This week I am reviewing an memoir that is a collection of poems and stories about growing up in a small town in Australia, Small Town Kid by Frank Prem.
About Small Town Kid
Small Town Kid is the experience of regional life as a child, in an insular town during the late 1960s to the mid-1970s, remote from the more worldly places where life really happens, in a time before the internet and the online existence of social media.
It is a time when a small town boy can walk a mile to school and back every day, and hunt rabbits with his dog in the hours of freedom before sundown. He can hoard crackers for bonfire night and blow up the deputy school master’s mailbox in an act of joyous rebellion.
A time when a small town teenager will ride fourteen miles on a bicycle for his first experience of girls, and of love. A time when migrating from a foreign country to a small town means his family will always feel that they are strangers, while visitors to the town are treated like an invading host.
It is also the remembrance of tragedy for inexperienced friends driving on narrow country roads.
This collection of poems and stories shares the type of childhood that has mostly disappeared in contemporary times. Come and revisit it here, in the pages of a Small Town Kid.
My review for the collection
I have read many poetry collections over the years, but Small Town Kid is unusual and intriguingly different. It flows through the different ages of the author from a very small boy to fatherhood, sharing the highs and lows of childhood and the coming of age years.
You are invited in by ‘I can Hardly Wait to Show You‘… that sets the scene of this town where singing waters and scrubby creeks beckon and land supported sheep and gold prospectors tried their luck.
Having accepted that invitation you become a spectator as Oma rocks the cradle of the young child whilst his mother works and makes poppy cakes, and Opa comforts a crying toddler as he contemplates the labour that has gone into cultivating the land around them. We are introduced to other members of this extended family and share in their celebrations, including a wedding in the fire house. This background is important as it highlights the sense of disconnection felt by many immigrant families who settle in a new land and are torn between adapting and still holding on to their old traditions and customs.
We enjoy picnics, and a detailed description of the view from the inside of the outhouse, and its maintenance by the stoic Nightman, and the profitable recycling of newspapers to the butcher. We join in rabbit hunts, school days, drag races, anti-tourist activities, and miscalculations when dispatching rubbish. Easter and the annual fete offer entertainment as does a rather interesting firework distribution method. The teen years bring jostling for status and the discovery that girls have some interesting attributes.
We also share in the lives of members of the group that the author grew up with, including its tragedies. It serves to remind us that however idyllic it might seem to be part of a small town community, it cannot protect you from all of life’s dangers.
I enjoyed all the memories and felt engaged with the young Frank as he navigated through these years. It was brought to life by the storytelling and there was a smooth flow from one story to the next. One of the many personal favourites is ‘Mcalpine’s Cherries’ which mirrored my experience with picking strawberries.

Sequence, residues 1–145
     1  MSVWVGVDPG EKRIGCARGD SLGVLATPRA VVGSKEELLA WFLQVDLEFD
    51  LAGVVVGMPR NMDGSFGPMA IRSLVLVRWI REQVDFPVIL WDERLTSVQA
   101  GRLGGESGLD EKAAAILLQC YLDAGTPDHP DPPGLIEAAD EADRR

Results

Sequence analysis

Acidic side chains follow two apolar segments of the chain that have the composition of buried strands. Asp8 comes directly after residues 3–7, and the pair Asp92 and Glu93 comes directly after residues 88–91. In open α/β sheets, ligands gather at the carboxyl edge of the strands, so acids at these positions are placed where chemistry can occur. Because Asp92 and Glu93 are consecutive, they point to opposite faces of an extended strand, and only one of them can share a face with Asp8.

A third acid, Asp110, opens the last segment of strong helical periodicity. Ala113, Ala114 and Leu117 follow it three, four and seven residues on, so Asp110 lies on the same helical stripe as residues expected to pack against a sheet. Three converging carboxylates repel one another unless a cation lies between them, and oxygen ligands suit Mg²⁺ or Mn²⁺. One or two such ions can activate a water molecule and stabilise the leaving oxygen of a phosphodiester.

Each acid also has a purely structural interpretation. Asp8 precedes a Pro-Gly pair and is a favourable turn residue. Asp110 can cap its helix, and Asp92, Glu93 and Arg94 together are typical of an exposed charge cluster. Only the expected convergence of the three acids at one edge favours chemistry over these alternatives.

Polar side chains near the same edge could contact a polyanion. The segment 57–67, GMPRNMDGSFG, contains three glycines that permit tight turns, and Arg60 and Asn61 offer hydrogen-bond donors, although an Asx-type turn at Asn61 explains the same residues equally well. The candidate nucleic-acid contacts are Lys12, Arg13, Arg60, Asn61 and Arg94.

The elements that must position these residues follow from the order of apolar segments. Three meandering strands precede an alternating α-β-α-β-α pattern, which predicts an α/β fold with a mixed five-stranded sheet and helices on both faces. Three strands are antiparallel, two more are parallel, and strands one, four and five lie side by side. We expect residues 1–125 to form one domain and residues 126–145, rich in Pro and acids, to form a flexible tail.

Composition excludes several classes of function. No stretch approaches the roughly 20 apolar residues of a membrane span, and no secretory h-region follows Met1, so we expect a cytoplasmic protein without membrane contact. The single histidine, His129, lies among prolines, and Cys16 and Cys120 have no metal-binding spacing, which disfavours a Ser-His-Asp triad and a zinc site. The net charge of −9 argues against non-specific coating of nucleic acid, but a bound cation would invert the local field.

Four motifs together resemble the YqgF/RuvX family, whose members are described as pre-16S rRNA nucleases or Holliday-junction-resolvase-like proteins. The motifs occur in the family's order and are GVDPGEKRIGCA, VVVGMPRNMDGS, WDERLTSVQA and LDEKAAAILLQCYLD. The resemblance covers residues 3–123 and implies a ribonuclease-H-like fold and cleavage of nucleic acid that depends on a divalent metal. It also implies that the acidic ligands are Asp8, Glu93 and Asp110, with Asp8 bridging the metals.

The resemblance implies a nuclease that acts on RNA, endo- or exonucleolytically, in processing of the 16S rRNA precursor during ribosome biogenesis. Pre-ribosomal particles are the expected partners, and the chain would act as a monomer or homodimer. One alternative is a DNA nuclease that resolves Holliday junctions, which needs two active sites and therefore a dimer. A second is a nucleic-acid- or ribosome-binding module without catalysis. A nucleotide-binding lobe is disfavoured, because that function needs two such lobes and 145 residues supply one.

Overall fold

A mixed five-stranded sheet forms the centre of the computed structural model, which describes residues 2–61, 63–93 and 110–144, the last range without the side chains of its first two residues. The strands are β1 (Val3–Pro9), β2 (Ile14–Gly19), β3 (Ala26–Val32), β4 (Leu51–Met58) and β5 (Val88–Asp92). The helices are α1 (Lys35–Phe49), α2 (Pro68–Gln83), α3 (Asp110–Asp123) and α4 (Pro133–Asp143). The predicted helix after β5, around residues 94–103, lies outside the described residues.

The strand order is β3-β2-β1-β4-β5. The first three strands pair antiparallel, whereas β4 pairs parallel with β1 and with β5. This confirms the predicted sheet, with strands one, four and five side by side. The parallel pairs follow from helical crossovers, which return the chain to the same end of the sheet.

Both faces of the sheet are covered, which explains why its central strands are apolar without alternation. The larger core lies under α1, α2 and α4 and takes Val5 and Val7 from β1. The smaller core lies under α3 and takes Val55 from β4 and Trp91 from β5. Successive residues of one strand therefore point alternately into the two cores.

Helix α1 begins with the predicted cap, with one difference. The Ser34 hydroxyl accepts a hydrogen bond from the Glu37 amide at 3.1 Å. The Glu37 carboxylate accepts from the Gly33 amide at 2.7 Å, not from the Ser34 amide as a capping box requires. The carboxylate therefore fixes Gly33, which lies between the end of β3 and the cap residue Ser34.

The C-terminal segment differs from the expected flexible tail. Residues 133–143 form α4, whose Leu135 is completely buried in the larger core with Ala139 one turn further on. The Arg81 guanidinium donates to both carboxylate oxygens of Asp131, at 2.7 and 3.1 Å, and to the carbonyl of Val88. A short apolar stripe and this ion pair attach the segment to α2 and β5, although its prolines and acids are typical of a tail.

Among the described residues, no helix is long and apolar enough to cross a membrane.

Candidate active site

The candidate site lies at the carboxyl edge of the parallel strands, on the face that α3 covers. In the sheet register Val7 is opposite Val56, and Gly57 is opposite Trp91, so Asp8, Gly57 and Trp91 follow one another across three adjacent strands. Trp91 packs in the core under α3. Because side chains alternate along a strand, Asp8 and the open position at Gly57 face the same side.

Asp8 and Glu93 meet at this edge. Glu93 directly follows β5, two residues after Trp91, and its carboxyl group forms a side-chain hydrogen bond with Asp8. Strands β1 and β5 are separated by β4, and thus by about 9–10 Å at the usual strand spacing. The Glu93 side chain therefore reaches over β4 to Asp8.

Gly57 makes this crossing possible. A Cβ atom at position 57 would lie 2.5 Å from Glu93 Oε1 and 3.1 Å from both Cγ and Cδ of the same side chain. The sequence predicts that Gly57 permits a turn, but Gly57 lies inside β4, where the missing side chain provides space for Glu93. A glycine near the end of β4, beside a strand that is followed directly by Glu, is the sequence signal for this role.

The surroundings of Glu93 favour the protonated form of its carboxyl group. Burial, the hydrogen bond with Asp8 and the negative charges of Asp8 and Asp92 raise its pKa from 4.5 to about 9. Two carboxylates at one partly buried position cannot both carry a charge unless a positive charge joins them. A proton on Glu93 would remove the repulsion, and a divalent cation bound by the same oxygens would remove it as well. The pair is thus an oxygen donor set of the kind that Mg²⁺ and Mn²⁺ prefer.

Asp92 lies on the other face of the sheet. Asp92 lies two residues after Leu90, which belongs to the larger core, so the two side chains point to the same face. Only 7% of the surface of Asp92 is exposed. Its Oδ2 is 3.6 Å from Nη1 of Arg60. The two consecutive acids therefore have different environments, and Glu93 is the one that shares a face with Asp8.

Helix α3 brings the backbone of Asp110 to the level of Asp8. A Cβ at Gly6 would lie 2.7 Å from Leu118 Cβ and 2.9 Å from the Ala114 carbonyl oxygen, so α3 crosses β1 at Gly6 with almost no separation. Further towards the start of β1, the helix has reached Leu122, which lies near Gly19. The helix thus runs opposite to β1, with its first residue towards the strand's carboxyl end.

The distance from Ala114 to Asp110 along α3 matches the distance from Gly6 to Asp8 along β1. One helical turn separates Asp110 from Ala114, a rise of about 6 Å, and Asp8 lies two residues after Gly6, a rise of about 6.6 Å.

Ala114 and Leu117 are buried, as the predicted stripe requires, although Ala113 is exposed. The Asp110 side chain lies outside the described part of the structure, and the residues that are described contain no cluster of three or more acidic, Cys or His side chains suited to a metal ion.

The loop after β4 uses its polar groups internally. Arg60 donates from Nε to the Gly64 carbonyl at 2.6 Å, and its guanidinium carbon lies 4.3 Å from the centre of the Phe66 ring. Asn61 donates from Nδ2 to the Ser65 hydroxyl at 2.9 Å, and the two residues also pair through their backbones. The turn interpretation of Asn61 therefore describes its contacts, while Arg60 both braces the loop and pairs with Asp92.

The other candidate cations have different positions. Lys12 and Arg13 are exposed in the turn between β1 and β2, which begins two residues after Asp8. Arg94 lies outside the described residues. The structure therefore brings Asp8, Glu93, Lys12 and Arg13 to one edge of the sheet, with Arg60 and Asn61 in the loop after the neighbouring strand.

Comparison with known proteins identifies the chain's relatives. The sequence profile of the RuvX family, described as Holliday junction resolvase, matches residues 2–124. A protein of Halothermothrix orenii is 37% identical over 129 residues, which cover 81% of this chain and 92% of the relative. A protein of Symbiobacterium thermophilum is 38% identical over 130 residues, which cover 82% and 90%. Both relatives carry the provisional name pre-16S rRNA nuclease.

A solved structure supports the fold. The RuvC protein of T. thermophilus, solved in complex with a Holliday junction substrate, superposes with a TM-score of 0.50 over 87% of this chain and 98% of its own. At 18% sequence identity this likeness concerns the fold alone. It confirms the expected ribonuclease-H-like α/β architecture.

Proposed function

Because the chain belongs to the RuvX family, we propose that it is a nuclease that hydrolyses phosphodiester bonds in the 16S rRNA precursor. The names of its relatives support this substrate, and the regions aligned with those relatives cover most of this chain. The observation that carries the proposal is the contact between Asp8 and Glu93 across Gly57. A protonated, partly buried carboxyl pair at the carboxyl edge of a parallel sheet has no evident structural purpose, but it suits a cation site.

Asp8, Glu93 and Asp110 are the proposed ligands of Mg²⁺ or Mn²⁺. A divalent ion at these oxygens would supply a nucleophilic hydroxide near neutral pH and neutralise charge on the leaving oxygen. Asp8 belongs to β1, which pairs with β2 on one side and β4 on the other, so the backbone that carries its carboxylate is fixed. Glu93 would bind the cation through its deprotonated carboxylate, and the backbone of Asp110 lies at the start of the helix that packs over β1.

Overall a delightful read that will resonate with readers whose childhood and teen years were considerably simpler than today. I can highly recommend.
Read the reviews and buy the book: https://www.amazon.com/Small-Town-Frank-Prem-Memoir-ebook/dp/B07L6114KS
About Frank Prem
I’ve been a storytelling poet for about forty years. Longer in fact, as I remember the first poem I wrote while at secondary school was about 150 – 200 words long and was accepted in lieu of a 500 word essay. I think that may have been the start.
I love to read my work to a live audience, and have audio recorded some recent recordings and popped them on my author page. I have also done some studio- recorded work under the direction and accompaniment of my wife Leanne Murphy that can be listened to there. These poems are on mythological themes and the accompaniment by Leanne makes them a little bit extraordinary.
By profession, I am a psychiatric nurse and have worked across most facets of public psychiatry and the mental health/mental illness spectrum. My experiences and reflections on what I have seen and done are the subject of a forthcoming memoir – scheduled for late 2019, or perhaps more likely, 2020.
I’ve been published in magazines, zines and anthologies, in Australia and in a number of other countries, but for a long time I haven’t sought much publication. The whims of editors are a little too capricious and unknowable, so I have preferred to hone my craft and self-publish on my poetry blogs
Leanne and I reside in the beautiful township of Beechworth in the North-East of Victoria (Australia).
Connect to Frank
Website Audio: https://frankprem.com/audio-recordings-spoken-word/
Seventeen Syllable Poetry: https://seventeensyllablepoetry.wordpress.com/
Thank you for dropping in today and I hope you have enjoyed my review of this lovely collection.. thanks Sally.